American Red Cross of Mid-South

The American Red Cross prevents and alleviates human suffering in the face of emergencies by mobilizing the power of volunteers and the generosity of donors.

Elaine Clyburn: A Life-Time of Service

Elaine Clyburn“I was brought up to be useful,” says Elaine Clyburn, a counsel to which she has remained faithful through a lifetime of service as both a volunteer and paid staff member of the American Red Cross.

Clyburn first came to the Red Cross in 1969 to use her training in medical social work as a Hospital Field Director during the Vietnam war. In this role, Clyburn served in Vietnam as a Red Cross advocate for military personnel and as a communications link between service personnel and people back in the United States. Since then, she has been involved in 46 disaster relief operations that have taken her to every state with the exception of Idaho. She has served in numerous important leadership roles both as a paid Red Cross staffer and as a volunteer.

In 2001, immediately after the terrorist attack on the World Trade Center in New York and the Pentagon in Washington, DC, Clyburn was summoned to Red Cross National Headquarters in Washington, DC. Upon arrival she was informed that she was to serve as the Director of the Disaster Operations Center in charge of providing relief to those affected by the terrorist attacks. Clyburn was surprised by the assignment but gamely stepped forward to do a job for which she was qualified due to her many years of service, training, and experience. She stayed on the job as Director for almost a full year.

Clyburn is very proud that as an African American woman she was the first person of color to have served as a Level 5 Disaster Director, the highest level for a Disaster Services Director within the Red Cross system. She was a founding member of a group of volunteers and Red Cross staffers who referred to themselves as Blacks in the American Red Cross (BARC). Originally, it was a group of African American Red Cross workers who met on a routine basis as a support group to mentor and encourage one another and find opportunities for promotion and advancement along Red Cross career paths. Over the years BARC outgrew its name as it expanded its membership to include all Red Cross workers who are members of minority groups.

A few years after serving in Vietnam as a Red Cross worker, Clyburn resigned as a paid Red Cross staffer to take a teaching position at Colorado State University. There she taught in the newly emerging social work program and was instrumental in the development of the curriculum and standards for the then developing profession. Later she made a move to Erie, Pennsylvania, where she was the head of the social work program at Villa Marie College. During those years of academic life Clyburn maintained her relationship with the Red Cross as a volunteer, a role that she holds in high esteem. “A Red Cross volunteer is a pay grade not a job description. We don‘t pay volunteers because they are useless; we don’t attempt to pay them because they are priceless,” says Clyburn.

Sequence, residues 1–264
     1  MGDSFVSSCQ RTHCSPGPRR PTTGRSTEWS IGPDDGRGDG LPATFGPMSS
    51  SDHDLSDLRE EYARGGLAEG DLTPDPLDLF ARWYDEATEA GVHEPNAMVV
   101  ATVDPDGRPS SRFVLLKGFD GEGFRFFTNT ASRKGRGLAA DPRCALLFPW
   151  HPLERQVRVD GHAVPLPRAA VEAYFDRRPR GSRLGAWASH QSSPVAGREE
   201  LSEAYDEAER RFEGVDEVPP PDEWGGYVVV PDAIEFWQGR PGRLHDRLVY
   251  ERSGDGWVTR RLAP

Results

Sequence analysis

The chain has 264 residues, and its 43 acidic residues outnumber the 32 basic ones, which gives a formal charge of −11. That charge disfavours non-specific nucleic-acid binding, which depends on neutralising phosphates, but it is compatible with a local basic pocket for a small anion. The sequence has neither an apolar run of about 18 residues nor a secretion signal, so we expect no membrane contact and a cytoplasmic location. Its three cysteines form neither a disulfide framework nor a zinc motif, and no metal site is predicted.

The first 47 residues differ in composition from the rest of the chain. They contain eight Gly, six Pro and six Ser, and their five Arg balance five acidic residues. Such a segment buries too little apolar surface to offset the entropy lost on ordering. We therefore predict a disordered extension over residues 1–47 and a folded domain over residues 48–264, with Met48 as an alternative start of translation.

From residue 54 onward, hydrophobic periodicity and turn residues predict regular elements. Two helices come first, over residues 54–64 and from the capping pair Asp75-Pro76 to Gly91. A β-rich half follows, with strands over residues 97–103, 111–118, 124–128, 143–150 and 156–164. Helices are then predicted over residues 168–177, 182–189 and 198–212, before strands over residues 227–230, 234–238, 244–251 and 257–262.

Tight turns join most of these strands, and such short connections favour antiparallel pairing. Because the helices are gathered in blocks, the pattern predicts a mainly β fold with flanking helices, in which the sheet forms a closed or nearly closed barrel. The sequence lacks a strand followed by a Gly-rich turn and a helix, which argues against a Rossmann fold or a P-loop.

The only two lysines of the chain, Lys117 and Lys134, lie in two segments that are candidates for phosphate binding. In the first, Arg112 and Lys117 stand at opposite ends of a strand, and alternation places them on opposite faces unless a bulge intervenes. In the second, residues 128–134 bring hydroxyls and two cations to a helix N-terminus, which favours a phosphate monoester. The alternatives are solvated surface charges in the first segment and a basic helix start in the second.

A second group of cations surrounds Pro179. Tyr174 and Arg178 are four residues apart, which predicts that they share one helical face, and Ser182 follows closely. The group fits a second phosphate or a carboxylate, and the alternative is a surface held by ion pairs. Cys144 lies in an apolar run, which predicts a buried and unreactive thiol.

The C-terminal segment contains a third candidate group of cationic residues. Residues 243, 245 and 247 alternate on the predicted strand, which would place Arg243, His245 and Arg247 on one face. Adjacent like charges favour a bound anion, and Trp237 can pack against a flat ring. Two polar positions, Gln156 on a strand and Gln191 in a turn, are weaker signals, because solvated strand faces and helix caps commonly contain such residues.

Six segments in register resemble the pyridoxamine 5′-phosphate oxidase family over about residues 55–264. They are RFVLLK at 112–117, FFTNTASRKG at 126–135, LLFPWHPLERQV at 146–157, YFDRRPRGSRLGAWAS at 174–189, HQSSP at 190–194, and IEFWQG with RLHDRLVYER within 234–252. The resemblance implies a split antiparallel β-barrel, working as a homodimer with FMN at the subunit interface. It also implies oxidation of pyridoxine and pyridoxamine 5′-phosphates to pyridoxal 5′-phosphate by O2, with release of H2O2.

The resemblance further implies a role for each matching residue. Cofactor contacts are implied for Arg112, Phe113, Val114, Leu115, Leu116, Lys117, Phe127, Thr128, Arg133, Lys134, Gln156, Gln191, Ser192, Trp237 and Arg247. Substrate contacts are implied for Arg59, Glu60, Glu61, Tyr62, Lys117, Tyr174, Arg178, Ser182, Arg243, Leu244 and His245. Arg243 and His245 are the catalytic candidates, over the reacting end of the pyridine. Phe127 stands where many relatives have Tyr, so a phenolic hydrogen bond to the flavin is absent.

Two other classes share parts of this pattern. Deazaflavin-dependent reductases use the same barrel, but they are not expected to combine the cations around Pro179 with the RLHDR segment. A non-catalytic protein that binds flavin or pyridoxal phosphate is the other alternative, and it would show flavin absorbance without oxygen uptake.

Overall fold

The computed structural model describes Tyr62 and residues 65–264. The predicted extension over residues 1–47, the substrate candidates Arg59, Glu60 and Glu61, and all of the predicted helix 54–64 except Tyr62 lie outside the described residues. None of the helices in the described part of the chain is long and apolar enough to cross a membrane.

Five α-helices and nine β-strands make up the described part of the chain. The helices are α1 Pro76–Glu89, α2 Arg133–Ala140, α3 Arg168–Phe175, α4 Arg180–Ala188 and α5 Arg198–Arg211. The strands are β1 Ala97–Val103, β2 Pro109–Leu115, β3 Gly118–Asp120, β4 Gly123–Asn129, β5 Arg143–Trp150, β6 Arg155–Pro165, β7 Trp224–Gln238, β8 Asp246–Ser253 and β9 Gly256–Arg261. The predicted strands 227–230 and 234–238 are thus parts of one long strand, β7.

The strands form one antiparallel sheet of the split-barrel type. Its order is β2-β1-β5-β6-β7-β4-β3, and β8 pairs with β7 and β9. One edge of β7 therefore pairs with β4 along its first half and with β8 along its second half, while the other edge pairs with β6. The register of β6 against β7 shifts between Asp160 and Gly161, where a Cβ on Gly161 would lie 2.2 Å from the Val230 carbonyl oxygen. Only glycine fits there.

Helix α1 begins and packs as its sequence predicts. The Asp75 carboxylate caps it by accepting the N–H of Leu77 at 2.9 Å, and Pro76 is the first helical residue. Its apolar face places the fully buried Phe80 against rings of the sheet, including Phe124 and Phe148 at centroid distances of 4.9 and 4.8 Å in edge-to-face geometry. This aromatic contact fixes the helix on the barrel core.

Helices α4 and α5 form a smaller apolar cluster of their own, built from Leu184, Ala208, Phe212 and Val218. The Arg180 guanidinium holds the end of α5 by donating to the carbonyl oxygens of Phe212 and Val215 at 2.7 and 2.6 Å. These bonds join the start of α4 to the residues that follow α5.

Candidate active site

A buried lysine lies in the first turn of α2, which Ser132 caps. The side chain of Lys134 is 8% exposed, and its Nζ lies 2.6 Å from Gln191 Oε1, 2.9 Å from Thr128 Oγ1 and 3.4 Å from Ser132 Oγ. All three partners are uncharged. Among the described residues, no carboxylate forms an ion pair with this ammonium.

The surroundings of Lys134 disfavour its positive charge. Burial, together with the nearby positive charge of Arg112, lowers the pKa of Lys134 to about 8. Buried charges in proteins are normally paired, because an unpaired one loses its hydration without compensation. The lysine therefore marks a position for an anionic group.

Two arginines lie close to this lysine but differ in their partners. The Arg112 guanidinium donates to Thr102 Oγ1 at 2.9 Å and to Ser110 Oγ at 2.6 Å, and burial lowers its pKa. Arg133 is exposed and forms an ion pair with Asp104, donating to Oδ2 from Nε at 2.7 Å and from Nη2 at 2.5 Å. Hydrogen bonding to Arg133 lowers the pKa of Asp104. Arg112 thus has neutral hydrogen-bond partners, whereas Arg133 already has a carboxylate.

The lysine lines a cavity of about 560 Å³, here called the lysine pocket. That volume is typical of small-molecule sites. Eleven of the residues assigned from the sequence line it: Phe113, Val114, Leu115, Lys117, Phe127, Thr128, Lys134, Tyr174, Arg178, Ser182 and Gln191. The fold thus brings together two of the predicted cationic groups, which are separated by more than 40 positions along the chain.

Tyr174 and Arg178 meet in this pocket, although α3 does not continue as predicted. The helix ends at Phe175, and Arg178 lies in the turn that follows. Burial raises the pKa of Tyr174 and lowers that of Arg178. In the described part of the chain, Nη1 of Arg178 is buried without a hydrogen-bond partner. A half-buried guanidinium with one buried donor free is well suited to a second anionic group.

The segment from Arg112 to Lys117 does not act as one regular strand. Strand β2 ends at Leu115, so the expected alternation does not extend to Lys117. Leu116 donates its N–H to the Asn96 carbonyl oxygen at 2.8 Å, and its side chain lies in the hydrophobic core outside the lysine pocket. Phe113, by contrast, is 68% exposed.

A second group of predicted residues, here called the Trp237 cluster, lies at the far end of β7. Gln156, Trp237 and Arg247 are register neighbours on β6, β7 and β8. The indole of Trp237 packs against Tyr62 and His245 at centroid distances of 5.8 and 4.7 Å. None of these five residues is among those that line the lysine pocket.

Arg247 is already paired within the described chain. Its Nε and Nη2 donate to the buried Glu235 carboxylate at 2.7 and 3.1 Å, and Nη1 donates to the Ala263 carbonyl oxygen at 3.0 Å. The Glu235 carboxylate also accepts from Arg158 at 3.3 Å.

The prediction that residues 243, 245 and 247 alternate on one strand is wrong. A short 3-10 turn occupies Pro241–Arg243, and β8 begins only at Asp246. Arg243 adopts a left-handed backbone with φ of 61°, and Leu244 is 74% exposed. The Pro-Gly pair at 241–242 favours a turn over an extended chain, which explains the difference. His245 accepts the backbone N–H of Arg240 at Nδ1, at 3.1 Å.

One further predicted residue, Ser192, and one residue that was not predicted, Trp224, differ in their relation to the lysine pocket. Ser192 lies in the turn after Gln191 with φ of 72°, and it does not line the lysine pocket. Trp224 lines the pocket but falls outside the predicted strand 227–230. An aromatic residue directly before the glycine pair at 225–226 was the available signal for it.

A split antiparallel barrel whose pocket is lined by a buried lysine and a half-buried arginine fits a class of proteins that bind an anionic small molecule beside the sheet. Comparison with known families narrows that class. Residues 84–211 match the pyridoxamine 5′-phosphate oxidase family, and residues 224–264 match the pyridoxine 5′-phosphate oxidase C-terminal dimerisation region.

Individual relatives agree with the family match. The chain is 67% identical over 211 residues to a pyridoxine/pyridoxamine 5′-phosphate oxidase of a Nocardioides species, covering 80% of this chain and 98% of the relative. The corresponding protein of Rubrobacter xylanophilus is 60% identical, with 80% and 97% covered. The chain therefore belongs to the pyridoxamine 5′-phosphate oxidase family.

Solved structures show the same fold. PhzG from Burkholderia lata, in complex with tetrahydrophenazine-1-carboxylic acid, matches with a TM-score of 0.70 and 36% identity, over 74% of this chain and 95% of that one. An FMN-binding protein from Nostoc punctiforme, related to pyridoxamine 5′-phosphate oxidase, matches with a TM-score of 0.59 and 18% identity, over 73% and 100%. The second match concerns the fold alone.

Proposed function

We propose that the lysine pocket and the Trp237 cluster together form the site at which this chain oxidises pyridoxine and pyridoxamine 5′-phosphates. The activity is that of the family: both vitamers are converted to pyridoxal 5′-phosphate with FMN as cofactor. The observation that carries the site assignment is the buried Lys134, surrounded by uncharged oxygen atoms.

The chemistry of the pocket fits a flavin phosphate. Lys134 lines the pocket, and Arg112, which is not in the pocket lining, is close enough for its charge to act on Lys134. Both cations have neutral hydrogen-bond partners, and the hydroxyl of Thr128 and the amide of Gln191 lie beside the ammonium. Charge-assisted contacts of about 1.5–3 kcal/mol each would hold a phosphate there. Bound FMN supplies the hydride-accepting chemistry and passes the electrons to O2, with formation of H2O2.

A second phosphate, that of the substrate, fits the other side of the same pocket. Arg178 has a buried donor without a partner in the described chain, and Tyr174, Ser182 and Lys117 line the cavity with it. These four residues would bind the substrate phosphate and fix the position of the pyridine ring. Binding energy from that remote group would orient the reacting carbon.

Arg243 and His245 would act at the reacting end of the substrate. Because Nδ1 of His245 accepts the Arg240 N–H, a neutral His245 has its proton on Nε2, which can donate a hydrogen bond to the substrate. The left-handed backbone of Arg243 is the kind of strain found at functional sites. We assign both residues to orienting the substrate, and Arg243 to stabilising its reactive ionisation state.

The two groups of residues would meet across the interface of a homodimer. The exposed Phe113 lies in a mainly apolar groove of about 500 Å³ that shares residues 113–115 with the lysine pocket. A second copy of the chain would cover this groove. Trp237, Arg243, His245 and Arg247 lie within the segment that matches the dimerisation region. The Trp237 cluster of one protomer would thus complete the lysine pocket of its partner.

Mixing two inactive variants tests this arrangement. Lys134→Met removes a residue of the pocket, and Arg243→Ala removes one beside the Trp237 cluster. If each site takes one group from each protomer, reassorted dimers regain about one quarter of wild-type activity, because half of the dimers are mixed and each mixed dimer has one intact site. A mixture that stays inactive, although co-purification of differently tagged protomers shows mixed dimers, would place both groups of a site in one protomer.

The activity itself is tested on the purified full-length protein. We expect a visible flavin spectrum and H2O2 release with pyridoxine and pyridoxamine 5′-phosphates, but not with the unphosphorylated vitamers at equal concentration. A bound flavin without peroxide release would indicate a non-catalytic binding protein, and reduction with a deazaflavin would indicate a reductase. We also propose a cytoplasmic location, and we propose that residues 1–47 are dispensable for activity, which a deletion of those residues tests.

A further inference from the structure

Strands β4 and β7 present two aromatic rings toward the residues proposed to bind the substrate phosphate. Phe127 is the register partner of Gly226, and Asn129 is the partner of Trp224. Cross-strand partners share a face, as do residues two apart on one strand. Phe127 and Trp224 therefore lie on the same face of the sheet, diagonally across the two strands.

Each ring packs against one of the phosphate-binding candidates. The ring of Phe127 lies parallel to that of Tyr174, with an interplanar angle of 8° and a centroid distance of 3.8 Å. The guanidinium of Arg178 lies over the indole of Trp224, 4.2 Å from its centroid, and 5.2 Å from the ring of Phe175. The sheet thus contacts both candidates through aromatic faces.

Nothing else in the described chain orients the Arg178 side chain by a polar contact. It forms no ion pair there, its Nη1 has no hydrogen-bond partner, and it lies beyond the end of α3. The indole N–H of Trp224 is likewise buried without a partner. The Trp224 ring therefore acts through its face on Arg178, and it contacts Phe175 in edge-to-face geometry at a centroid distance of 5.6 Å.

Clyburn returned to the Red Cross as a paid staffer in 1989 when she made a move to St. Louis, Missouri, to assume the role of Director of Disaster Services for the Mid-Western Area. In this role she was in charge of disaster services for 17 states. Three years later she made a move to Memphis, Tennessee, as a Red Cross Disaster Response Planner with the primary responsibility for earthquake preparedness in the event that another New Madrid earthquake event should occur in this area.

Although now retired from her staff position in the Red Cross, Clyburn remains  busy as a volunteer. In 2012 she completed planning for the possibility of a New Madrid level earthquake in the Mid-South area and incorporated that plan as a Catastrophic Annex to the All Hazards National Response Plan for the Red Cross. Currently, she is active with the Mid-South Chapter in establishing and implementing the Ready Rating Plan, which is an instrument for the public, businesses, and industry for disaster preparation.

Clyburn also currently serves as the Chair for the West Tennessee Seismic Safety Committee, a position to which she was first appointed by Tennessee Governor Bredesen and more recently Governor Haslam. The Committee is the state agency responsible for earthquake preparedness for the New Madrid Seismic Zone.